Major Douglas ZembiecHe is remembered as the “Lion of Fallujah,” a leader who took many risks in order to save the lives of others. Then-Marine Capt. Douglas Zembiec , a Naval Academy graduate born in Hawaii, served with Echo Company in war-torn Fallujah, where he and his men helped quell violence that rocked the city for some time.

During one skirmish, Zembiec’s team was providing back-up support for another Marine patrol that had encountered heavy insurgent fire. Zembiec led his men directly into the assault, where they encountered Ak-47 and RPG fire. The Marines radioed for a nearby tank to open fire, but received no response to their repeated requests for aid. Zembiec left his position on a rooftop, and ran out into the fray. Remarkably, he made it safely to the tank and directed its operators where to fire. The enemy were summarily dispatched.

Not long after that incident, Zembiec’s platoon was assaulted by insurgent fire from three sides, with only 20 feet of space between the platoon’s position and the insurgents. Zembiec was wounded by shrapnel, but continued to direct platoon fire and the evacuation of the wounded.

Zembiec, 34, was later killed in the line of duty while serving in Baghdad. He left behind his wife of two years and a one-year-old daughter. “I was with your son in Fallujah,” a Marine once told Zembiec’s father. “He was my company commander. If we had to go back in there, I would follow him with a spoon.” For his efforts in Fallujah, Zembiec was awarded the Bronze Star with combat “V’ for valor.

General George Patton insisted, “It is foolish and wrong to mourn the brave men who died. Rather we should thank God that such men actually lived.’

Founding Patriot ,John Adams said: “1 am well aware of the toil and bood and treasure that it will cost to maintain this Declaration, and support and defend these States. Yet through all the gloom I can see the rays of ravishing light and glory. . I can see that the end is worth more than all the means....,.” Indeed it is!”

Please pray for our Patriot Armed Forces standing in harms way around the world, and for their families ----- especially families of those who have given life in the defense of American liberty, while prosecuting the war with Jihadistan.



Four Apache helicopter pilots from Company B, 1st Battalion, 149th Aviation Regiment (Attack), 36th Combat Aviation Brigade (CAB), were providing air support for Marine and Iraqi soldiers in Ramadi as the ground forces searched for insurgents in the heavily populated town.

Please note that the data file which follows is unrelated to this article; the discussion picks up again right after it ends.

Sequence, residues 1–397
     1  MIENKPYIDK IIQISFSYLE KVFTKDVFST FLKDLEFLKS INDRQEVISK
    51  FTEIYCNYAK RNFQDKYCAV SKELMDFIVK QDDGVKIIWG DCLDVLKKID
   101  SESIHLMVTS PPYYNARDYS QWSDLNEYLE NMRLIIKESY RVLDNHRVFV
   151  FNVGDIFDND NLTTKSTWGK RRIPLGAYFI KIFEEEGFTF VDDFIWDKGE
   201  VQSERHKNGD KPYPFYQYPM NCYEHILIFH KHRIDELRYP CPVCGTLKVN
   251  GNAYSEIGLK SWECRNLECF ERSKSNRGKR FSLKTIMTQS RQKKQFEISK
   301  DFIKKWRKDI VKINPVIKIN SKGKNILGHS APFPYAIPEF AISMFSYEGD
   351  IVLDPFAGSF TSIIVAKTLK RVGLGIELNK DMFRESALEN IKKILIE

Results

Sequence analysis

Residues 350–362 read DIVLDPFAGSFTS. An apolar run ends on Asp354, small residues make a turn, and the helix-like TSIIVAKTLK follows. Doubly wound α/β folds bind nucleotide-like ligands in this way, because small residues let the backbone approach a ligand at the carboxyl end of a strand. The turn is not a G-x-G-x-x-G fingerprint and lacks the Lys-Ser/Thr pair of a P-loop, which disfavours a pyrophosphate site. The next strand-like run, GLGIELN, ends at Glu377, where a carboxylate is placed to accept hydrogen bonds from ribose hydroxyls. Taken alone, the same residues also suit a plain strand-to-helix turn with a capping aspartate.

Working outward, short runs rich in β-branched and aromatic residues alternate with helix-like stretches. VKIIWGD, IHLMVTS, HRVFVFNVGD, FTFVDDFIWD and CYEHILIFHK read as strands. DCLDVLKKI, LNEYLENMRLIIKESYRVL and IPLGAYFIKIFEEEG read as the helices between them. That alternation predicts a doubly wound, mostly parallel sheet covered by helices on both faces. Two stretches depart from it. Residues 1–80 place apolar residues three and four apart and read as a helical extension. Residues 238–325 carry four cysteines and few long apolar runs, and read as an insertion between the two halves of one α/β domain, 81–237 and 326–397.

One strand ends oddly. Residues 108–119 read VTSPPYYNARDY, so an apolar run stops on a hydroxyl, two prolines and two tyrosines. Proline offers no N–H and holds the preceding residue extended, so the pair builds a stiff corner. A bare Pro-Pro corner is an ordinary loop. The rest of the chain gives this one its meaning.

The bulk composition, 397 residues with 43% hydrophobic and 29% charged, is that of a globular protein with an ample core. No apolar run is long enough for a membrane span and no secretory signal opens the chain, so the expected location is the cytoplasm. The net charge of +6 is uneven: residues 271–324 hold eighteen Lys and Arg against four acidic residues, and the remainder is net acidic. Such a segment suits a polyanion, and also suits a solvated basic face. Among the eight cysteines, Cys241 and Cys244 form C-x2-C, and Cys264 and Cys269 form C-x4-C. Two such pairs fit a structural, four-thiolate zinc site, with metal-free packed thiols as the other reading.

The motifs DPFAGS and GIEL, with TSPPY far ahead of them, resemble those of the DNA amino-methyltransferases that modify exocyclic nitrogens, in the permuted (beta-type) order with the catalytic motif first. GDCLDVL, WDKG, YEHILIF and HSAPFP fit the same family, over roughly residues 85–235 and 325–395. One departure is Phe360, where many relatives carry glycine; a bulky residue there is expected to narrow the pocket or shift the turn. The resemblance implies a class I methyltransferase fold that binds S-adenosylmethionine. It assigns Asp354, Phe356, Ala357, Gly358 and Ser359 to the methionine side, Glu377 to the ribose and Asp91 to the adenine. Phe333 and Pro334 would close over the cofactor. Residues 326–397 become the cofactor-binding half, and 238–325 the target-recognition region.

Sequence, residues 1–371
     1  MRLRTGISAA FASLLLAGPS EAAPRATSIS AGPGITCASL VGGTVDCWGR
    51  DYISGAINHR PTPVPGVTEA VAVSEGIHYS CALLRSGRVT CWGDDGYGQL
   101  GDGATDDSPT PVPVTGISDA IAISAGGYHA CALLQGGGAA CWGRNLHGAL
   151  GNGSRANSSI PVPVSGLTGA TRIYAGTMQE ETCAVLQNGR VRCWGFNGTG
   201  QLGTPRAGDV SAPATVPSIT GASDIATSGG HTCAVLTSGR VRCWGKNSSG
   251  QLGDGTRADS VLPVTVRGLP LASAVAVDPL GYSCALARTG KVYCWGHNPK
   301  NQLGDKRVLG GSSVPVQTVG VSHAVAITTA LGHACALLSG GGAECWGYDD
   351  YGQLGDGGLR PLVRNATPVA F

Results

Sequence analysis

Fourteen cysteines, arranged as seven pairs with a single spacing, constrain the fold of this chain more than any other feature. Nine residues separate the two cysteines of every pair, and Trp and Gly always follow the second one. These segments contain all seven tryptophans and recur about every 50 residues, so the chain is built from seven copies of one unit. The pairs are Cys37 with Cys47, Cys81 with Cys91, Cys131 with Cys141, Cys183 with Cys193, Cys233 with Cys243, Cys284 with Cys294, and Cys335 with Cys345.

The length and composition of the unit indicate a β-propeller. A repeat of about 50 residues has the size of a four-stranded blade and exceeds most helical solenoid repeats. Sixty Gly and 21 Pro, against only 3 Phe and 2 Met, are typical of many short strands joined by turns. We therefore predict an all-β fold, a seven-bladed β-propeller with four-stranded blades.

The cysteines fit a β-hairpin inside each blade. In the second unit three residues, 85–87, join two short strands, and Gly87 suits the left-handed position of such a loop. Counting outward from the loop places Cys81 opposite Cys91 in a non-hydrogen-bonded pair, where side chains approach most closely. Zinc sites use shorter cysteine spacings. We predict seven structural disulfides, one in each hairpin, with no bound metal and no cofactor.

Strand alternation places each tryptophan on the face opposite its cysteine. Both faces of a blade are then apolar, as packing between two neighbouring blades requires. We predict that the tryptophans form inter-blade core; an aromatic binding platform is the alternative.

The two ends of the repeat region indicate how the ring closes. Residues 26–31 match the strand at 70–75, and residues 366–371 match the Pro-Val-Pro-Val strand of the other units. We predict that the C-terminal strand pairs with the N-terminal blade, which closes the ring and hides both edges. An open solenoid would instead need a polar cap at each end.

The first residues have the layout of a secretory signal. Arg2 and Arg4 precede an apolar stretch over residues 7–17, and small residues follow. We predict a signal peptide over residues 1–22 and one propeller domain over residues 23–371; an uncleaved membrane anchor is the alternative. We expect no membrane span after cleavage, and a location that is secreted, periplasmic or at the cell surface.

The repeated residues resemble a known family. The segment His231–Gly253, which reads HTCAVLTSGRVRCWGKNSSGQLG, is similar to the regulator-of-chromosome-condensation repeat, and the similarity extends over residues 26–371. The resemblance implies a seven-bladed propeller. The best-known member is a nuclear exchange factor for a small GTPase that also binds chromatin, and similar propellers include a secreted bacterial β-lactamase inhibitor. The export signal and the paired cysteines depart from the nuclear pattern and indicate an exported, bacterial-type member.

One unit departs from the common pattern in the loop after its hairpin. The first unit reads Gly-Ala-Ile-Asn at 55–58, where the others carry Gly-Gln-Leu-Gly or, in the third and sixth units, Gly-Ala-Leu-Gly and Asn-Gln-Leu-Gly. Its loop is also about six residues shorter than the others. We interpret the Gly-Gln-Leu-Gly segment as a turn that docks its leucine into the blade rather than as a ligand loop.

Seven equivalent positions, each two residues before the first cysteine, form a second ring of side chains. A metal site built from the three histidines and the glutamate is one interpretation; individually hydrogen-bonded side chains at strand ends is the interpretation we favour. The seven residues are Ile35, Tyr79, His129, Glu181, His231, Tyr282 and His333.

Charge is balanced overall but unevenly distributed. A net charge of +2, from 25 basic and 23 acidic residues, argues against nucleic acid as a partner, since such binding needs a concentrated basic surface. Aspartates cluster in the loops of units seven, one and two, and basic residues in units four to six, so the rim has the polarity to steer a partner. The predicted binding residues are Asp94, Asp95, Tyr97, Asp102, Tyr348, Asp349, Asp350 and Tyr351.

The pilots, 1st Lt. Matthew Salo, Chief Warrant Officer 4 Robert Stacy, Chief Warrant Officer 4 William White , and Chief Warrant Officer 2 Marcus Moore, heard an lED explode over an open mike, followed by additional IEDs and a firestorm of insurgent fire. Because vital communication equipment had been destroyed by the IEDs, the Marines on the ground had no way of contacting their command post about the attack.

The Apache pilots became the ground forces’ only means of communication. As the Marines began to evacuate the wounded, the pilots contacted the command post and drew fire away from the ground forces, even though they were unable to return fire because of the potential for civilian casualties.

Once the evacuation team removed the wounded, the Apaches went to refuel, only to find that their helicopters were severely damaged by gunfire. “We knew the mission was vital and we had to go back in,’ SaIo said. The flight crews flew two more missions into the battle that raged for seven hours, all the while providing communication and air support under enemy fire. Eventually the Marines were able to evacuate under the cover of the Apaches, preventing countless casualties. For their part, the pilots were each awarded the Distinguished Flying Cross.

Source: Federalist Patriot

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